I’ve had my eye on the Yakima River Canyon Marathon for 4 or 5 years. It occurs on the last Saturday of March or the first Saturday of April. Since I usually run the Race to Robie Creek in mid-April, I haven’t wanted to run a marathon shortly before it and jeopardize my Robie time.
This year I’m planning on running the Boston Marathon. I trained hard all winter and my training went very well. I started thinking about whether my training would be best directed at Boston. The Boston Marathon is a hard course to set a PR at, as I found out in my first attempt. There are a few reasons for this:
- Since it’s a destination in an awesome area, it’s hard to rest properly and avoid touring and walking around leading up to the marathon.
- The race itself requires walking to the buses, walking from the buses to the waiting area in Hopkinton, and walking from the waiting area to the start line.
- Since it’s the Boston Marathon, it’s hard not to get caught up in the moment and run a stupid race. Been there, done that.
- The Boston Marathon course is somewhat challenging, with early downhill and late rolling hills.
- The weather is completely unpredictable. Will it be 90F (2012) or 34F (2018) or somewhere in between?
I also just want to enjoy Boston and have no pressure. Because of those reasons, and some others, I decided to use my training this year to focus on running a good race at the Yakima River Canyon Marathon. That would leave me with 16 days to recover and see what I can still pull off at Boston. My wife, Cyndi, also ended up signing up for the Half Marathon at Yakima.
Yakima is about a 5.5 hour drive from the Boise area. We left late morning on Friday and went straight to packet pickup at race headquarters in Selah. The Yakima River Canyon Marathon race organizers put on a full weekend event for those interested. We decided not to participate in the spaghetti feed since we had our 6 kids with us (2*$10 + 6*$5 = $50 for spaghetti) and we aren’t the most extroverted people anyways. Instead we ate a McDonald’s (kids) and Subway (adults), which is always a safe, consistent choice before a marathon. I’d been eating all day, so a 6″ was great for me along with a few fries I taxed from the kids.
We went to a nearby hotel and let the kids swim. I did a couple laps in the pool and sat in the hot tub for 20 minutes or so. I find hot tubs very relaxing before a marathon, but I try to limit my time.
My sister-in-law met us at the hotel, which was great. She took most of the kids to her room so that Cyndi and I could get some rest. I got to bed around 10pm. Success!
I woke up at 2:30am by chance and ate half of my PB Honey sandwich. Then I slept until 5am and finished it off. By 6am I was on the bus and finishing my Lemon Lime Gatorade. It was chilly, but near the starting line there was a hotel with a clubhouse that runners could hang out in. I talked to one runner on the bus ride, but I was pretty introverted otherwise. There were lots of Marathon Maniacs at the race (they were having a reunion) so I heard some stories. I think there was a guy there that had run 1400+ marathons. There were definitely a few people that had done hundreds. Crazy.
The starting line was about a quarter-half mile from where we were. This made for a nice warm-up. A lady sang the National Anthem and the gun fired around 8:05am. I wore a tank top and gloves, which I ditched after a couple miles.
Getting Started, Miles 1-5: 6:32, 6:33, 6:39, 6:37, 6:40
Why is it so hard to not go faster than target pace at the beginning of a marathon? I was looking at my watch ever few seconds and doing everything I could to SLOW DOWN. It felt so easy. I was able to keep my first mile to 6:32, which was a success. My target pace for the first half of the marathon was 6:40, but I was willing to be in the 6:30’s if I felt good.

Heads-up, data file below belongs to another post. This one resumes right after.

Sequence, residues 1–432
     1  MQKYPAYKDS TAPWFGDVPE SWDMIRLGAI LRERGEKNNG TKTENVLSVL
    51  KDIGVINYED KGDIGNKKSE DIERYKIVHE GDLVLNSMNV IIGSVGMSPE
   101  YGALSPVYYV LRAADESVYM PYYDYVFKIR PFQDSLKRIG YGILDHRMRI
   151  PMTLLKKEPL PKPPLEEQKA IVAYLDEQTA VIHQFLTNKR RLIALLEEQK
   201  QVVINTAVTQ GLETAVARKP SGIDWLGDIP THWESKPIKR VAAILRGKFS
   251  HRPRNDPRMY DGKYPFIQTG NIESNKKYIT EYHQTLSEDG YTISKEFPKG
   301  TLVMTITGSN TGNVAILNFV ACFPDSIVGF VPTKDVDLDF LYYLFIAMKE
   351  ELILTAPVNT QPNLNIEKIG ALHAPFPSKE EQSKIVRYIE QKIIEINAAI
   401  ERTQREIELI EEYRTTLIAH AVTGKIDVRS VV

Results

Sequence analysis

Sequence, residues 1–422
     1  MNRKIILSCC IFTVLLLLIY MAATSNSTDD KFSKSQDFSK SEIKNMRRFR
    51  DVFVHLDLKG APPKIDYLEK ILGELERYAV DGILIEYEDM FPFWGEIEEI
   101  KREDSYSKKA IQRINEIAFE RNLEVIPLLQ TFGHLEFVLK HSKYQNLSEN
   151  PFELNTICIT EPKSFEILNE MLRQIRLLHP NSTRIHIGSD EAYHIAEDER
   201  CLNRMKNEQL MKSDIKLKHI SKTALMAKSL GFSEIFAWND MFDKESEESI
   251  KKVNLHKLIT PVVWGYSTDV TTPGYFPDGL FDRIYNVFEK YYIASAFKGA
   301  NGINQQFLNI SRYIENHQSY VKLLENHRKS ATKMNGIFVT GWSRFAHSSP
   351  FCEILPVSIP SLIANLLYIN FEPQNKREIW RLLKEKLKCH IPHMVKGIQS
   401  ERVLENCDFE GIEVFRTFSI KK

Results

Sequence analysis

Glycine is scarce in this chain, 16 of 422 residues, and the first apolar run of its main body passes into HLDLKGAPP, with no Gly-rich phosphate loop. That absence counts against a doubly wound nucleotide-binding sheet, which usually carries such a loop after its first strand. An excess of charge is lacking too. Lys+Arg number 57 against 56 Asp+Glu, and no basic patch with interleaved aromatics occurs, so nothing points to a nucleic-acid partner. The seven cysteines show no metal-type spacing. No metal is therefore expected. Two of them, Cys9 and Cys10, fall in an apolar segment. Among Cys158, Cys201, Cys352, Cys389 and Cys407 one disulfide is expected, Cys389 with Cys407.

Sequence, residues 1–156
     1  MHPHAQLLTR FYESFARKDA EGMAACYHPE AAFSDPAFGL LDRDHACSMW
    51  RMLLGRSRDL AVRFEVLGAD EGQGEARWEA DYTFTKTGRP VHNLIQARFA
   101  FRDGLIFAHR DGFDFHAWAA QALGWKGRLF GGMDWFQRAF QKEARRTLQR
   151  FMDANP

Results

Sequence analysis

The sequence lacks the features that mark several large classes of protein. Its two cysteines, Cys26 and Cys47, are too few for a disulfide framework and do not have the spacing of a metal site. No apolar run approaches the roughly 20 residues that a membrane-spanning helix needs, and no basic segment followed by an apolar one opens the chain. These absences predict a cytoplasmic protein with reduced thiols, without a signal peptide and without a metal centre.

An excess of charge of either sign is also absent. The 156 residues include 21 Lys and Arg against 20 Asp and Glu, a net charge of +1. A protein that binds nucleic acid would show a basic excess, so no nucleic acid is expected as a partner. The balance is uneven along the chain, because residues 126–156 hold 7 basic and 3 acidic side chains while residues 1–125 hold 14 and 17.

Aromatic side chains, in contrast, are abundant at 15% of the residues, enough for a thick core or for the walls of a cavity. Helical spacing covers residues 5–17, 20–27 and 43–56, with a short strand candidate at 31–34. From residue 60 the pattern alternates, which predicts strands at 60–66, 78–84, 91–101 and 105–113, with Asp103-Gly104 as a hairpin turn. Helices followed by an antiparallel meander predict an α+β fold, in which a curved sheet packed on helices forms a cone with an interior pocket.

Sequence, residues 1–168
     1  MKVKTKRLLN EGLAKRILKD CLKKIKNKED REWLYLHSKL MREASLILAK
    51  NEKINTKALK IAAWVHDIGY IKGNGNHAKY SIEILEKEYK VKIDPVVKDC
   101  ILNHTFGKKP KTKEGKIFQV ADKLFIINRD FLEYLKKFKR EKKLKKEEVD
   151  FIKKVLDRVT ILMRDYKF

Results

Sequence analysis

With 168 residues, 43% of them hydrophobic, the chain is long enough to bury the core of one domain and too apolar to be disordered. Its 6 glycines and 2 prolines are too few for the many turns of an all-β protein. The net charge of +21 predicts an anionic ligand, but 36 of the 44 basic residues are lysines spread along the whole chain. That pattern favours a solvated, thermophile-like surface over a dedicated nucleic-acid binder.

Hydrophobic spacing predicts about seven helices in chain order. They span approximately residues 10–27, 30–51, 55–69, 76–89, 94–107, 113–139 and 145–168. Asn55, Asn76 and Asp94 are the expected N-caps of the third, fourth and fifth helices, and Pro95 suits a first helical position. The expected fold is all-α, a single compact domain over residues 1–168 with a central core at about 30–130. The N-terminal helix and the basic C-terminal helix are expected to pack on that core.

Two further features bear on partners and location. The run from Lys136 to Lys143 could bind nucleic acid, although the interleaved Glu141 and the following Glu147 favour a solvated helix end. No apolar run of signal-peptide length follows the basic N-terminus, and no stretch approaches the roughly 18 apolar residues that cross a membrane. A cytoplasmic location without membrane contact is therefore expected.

Two fast-looking guys took the lead during the first mile, followed by a third man. Just ahead of me a group of 3 people formed, two ladies and a guy. I thought about going with them but they were definitely going faster than 6:30, so I let them go and trailed behind them.
This group continued to build a bigger lead from me, but I stayed within the boundaries I had set. Around mile 2 or 3 another guy passed me and then went passed the group after the third place guy.
The first 5 miles of the marathon are ran on country roads outside Ellensburg. We actually enter the beautiful canyon around mile 5. The rest of the race follows the Yakima River through the canyon on a 2-lane highway. The canyon is green with grass and sparse trees. It has rocks, bluffs, and hills surrounding it. There are birds of prey and pretty vistas. Traffic is pretty much closed down, except for an occasional car passing very slowly.
Meeting Steve, Miles 6-12: 6:34, 6:32, 6:36, 6:38, 6:40, 6:35, 6:41
Right at mile 6 is the first notable hill. Actually, there are two hills about 40 feet each back-to-back. The group of three ahead of me began to break up. One of the ladies fell back and another charged ahead. I took the downhill portions of the hill pretty fast, so I passed one lady and caught up to the guy.
His name was Steve and he was very friendly. We started chatting and ended up running the next 7-8 miles together. He was from Seattle and had done 40+ marathons. Even though he was 50 years old, he was keeping right up with me. It was a pleasure to talk with him. I don’t think I’ve ever hung with someone for that long in a marathon before. We talked marathons in general, Boston and Yakima in specific, and various other things.
It was nice to pass the miles with someone and not worry too much about how I was feeling. He was pushing a little harder than intended, both with the previous two ladies and with me, but it was definitely within his range. I was right where I wanted to be, running mostly in the 6:30’s, pretty close to my target of 6:40.